If anything, the videotaped evidence tends to confirm the grievor’s account of being in some pain by reason of his back condition. As he is seen walking on the street or in the parking lot of a shopping mall Mr. Trozzo moves slowly, stiffly and with a pronounced limp. He walks in the same manner whether he is in the company of others or alone. On one occasion, outside a supermarket, he is seen engaged in conversation with an acquaintance, and making clear gestures to describe to his friend the pain in his back and leg. The unchallenged evidence is that prior to the events of June of 2001 Mr. Trozzo walked without a limp.


            This Arbitrator has had occasion to observe many examples of video taped evidence of employees attempting to defraud their employer by false claims of injury, to claim either sick leave indemnity or Workers Compensation benefits. Such evidence can sometimes be conclusive of fraud. In the instant case the video tape evidence is entirely to the contrary, and the Arbitrator must confess to some difficulty in understanding the Company’s interpretation of it. There is nothing in the record to suggest that the grievor’s back ailment was such as to prevent him from engaging in normal non-stressful activities such as walking about his property, going shopping or driving his car. The suggestion that his activities were inconsistent with what he described as his doctor’s orders to “do nothing” seem unrealistic as there is no evidence to suggest that Mr. Trozzo was ordered by his physician to remain entirely immobile. He was obviously expected to leave home to attend physiotherapy  sessions, as he did.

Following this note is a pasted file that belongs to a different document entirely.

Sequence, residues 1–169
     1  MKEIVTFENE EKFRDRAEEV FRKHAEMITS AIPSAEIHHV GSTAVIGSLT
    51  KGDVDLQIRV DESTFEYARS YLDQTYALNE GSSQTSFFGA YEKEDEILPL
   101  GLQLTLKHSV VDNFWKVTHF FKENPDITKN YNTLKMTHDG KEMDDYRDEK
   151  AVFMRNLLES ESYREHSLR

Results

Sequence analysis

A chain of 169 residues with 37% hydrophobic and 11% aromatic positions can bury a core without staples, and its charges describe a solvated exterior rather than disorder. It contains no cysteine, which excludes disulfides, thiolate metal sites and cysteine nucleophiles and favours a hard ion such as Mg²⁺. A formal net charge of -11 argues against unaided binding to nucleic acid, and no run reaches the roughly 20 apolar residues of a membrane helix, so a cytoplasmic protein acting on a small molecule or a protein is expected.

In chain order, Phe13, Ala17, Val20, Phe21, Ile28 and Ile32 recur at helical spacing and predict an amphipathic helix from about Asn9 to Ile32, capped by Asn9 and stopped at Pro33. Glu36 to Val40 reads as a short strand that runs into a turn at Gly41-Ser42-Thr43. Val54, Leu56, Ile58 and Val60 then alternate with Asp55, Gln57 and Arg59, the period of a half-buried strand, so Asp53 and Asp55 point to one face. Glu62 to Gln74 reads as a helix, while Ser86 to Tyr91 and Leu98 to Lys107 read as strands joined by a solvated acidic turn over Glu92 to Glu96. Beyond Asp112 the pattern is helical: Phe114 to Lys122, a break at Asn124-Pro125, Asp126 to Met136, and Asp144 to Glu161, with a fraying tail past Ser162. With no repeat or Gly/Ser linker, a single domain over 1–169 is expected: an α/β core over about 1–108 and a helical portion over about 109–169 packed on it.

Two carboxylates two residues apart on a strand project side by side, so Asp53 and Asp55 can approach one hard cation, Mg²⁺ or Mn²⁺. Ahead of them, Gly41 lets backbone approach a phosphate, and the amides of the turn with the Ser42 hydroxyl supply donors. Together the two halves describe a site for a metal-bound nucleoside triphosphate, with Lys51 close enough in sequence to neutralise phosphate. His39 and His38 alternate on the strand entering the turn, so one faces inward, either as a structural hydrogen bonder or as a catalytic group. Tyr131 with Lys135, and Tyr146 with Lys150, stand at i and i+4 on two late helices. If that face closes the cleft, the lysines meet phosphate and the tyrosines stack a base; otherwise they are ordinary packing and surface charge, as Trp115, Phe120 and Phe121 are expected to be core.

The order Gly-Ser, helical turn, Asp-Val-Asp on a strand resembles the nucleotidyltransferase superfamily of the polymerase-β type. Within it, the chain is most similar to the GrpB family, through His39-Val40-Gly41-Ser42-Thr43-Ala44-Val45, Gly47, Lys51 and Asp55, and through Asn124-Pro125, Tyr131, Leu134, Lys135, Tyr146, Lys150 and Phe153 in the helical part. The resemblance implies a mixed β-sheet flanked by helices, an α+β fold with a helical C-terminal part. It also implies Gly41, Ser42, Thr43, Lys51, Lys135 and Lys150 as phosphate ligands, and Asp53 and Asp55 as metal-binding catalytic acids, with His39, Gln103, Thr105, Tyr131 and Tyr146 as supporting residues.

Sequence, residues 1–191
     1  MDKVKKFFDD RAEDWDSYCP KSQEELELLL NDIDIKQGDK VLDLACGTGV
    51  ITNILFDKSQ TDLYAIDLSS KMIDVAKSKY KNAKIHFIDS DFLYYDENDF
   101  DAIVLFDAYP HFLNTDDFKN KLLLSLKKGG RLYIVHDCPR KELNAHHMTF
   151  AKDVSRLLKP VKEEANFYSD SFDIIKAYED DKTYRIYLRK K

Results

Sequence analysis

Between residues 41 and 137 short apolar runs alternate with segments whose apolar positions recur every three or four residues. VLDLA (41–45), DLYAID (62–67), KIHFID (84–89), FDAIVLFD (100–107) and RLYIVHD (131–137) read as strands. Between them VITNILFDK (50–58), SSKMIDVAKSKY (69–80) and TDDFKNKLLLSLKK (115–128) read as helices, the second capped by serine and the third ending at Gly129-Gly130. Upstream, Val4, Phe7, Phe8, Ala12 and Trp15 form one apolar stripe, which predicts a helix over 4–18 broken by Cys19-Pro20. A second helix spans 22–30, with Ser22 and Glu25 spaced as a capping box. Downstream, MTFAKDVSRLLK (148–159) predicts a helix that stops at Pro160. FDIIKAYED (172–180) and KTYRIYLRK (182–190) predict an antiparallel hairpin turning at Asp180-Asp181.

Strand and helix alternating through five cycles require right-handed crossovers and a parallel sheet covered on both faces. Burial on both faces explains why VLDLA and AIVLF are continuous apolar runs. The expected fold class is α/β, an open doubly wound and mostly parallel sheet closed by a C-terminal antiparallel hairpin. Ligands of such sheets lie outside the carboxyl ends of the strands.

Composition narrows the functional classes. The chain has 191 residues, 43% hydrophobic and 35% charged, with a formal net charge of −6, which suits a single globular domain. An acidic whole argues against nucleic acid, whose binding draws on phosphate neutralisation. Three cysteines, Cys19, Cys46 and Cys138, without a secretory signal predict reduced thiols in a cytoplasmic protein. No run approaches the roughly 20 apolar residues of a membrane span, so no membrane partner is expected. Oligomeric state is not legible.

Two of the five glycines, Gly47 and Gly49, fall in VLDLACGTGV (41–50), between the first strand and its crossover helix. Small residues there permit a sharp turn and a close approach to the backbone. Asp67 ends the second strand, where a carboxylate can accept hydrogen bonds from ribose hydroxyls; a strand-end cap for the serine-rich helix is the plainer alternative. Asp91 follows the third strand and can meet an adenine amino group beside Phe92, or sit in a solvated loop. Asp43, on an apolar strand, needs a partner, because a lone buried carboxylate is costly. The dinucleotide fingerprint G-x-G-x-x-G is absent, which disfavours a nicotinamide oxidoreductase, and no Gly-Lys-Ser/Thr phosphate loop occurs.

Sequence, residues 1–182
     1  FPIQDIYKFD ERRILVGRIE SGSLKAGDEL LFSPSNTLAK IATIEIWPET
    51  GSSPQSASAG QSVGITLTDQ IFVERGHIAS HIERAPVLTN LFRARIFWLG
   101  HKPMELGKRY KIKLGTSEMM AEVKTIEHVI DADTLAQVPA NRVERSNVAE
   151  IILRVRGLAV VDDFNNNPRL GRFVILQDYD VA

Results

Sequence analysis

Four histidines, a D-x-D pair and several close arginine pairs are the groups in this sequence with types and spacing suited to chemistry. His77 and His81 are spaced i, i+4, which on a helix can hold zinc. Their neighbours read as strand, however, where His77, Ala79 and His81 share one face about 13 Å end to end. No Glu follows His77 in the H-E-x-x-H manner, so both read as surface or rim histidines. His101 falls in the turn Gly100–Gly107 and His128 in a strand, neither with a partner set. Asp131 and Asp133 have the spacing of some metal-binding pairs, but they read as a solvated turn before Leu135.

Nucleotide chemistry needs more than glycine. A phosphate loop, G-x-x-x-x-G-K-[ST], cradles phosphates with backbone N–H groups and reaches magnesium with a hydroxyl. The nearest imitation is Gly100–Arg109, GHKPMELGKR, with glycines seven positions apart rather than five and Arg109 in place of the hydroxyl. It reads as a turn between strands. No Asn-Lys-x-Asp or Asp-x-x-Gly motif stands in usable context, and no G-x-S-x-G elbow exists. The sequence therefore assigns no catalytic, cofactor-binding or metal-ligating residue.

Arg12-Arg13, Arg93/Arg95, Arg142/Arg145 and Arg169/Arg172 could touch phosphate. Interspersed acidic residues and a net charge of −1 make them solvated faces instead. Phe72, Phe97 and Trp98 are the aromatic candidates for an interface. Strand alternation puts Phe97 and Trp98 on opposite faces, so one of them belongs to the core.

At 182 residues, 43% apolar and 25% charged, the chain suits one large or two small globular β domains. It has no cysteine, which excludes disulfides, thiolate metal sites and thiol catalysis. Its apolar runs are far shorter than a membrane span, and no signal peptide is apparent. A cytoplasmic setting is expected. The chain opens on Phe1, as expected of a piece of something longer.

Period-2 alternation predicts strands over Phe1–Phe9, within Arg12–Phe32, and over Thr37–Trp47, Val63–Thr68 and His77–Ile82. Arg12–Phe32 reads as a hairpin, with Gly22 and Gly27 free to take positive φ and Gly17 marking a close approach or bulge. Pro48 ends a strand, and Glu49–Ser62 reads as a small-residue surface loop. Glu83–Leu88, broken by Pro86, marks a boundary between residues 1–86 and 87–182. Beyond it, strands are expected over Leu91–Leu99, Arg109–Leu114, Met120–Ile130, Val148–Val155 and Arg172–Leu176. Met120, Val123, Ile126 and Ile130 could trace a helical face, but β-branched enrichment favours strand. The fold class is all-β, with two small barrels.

Nor can the Arbitrator agree with the Company’s argument that the denial of Workers Compensation to the grievor should be taken as a factor weighing against him. There is nothing in the Workers Compensation report which would challenge the fact that the grievor legitimately suffered from back pain that required him to be off work. Rather, the WCB rulings were to the effect that there was no evidence of a causal link between his back condition and his employment. At the level of the review office the following decision was rendered:


That the claim is not acceptable, as the evidence has not established that the claimant has sustained personal injury by accident arising out of and in the course of his employment.


It appears, however, that portions of the WCB ruling did take the view that the employee could not be said to have stayed home “and do nothing”, a factor which the review office did consider as raising questions of credibility.